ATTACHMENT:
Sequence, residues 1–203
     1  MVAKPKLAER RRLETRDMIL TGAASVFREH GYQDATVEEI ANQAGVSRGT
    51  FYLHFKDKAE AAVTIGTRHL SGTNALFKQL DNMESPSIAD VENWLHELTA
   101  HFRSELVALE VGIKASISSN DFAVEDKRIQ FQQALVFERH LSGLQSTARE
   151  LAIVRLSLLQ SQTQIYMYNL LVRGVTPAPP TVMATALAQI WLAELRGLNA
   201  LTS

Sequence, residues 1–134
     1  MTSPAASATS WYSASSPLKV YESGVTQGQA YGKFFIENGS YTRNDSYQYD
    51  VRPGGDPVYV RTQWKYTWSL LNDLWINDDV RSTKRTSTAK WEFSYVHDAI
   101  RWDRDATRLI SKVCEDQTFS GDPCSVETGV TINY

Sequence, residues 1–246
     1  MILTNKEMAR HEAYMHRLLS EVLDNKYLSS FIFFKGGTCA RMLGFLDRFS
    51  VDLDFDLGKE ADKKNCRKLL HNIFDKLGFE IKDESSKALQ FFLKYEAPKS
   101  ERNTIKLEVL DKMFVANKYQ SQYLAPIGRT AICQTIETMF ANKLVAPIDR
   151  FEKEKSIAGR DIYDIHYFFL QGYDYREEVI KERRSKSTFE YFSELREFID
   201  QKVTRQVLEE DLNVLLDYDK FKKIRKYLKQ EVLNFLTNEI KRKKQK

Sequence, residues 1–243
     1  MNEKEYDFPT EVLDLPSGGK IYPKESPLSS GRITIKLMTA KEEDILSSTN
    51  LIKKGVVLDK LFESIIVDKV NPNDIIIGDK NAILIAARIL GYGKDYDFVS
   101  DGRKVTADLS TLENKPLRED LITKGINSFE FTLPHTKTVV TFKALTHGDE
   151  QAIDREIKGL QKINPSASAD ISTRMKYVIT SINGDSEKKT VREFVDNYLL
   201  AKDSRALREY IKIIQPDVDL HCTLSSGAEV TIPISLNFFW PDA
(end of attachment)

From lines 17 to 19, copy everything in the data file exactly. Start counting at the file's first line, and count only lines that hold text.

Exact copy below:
Sequence, residues 1–243
     1  MNEKEYDFPT EVLDLPSGGK IYPKESPLSS GRITIKLMTA KEEDILSSTN
    51  LIKKGVVLDK LFESIIVDKV NPNDIIIGDK NAILIAARIL GYGKDYDFVS